Swiss media said the former pastor and psychologist died in mid-September but his family only announced his death on Thursday.
Sigg was one of 69 people who came together in 1982 to found Exit, becoming the director of the organization’s Swiss German arm.
A member organization with currently 105,000 members in the German-speaking part of Switzerland alone, Exit helps those with incurable illnesses to end their lives.
Under Sigg’s direction more than 500 people used its services.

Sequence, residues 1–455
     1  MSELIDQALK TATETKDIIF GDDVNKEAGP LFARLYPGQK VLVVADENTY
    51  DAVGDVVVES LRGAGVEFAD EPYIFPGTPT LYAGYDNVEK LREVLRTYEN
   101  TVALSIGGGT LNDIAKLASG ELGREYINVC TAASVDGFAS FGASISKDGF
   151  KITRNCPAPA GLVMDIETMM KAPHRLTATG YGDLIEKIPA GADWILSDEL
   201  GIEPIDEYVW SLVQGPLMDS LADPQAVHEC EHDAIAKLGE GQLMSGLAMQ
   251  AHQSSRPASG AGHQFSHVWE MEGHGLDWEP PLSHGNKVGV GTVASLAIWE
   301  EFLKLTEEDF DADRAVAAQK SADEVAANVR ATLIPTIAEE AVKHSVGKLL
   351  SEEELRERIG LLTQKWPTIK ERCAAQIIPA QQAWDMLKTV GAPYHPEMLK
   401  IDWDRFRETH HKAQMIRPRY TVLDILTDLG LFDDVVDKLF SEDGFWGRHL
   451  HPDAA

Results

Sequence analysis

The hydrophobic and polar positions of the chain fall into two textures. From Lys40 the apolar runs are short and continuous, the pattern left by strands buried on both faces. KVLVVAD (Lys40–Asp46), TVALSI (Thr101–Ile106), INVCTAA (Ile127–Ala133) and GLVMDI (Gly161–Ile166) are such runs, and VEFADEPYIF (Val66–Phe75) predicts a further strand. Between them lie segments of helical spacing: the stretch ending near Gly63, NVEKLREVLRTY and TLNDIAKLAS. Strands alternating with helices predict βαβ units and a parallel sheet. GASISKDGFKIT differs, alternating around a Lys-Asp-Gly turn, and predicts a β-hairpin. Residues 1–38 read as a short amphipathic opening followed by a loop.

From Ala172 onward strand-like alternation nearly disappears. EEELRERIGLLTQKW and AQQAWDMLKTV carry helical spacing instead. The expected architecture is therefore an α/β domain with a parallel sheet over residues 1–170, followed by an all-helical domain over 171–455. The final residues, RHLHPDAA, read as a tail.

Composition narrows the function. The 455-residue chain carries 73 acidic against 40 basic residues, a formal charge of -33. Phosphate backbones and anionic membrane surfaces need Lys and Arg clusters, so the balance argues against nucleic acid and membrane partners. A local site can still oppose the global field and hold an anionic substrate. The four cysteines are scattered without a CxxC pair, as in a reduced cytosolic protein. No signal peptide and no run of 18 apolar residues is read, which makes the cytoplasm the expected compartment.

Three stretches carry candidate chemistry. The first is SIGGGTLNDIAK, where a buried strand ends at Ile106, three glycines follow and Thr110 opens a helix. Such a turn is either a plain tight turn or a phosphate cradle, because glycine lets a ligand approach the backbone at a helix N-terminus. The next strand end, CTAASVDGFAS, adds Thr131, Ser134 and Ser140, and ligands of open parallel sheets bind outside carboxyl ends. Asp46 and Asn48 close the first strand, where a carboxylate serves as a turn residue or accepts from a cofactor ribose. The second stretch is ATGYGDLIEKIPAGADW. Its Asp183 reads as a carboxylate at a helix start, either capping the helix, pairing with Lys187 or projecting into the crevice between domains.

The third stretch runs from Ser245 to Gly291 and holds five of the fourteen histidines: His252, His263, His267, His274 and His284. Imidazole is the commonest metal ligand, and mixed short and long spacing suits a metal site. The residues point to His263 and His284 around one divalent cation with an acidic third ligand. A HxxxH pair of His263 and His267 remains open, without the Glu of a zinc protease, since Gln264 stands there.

His work earned him the nickname ‘angel of death’ and he frequently faced resistance from protestors, said news agency ATS. In 1986 he was stripped of his post as pastor in Granges, in the canton of Solothurn, because of his work. However in 2012 he was recognized with a bravery award.
Suicide assistance is legal in Switzerland as long as the assistant does not benefit financially from the person’s death, therefore all ‘end-of-life’ workers at Exit are unpaid volunteers.
Exit only offers its services to members, who must be Swiss or have permanent residency in Switzerland.
A second Swiss organization, Dignitas, also provides assisted suicide services to non-Swiss who live outside the country.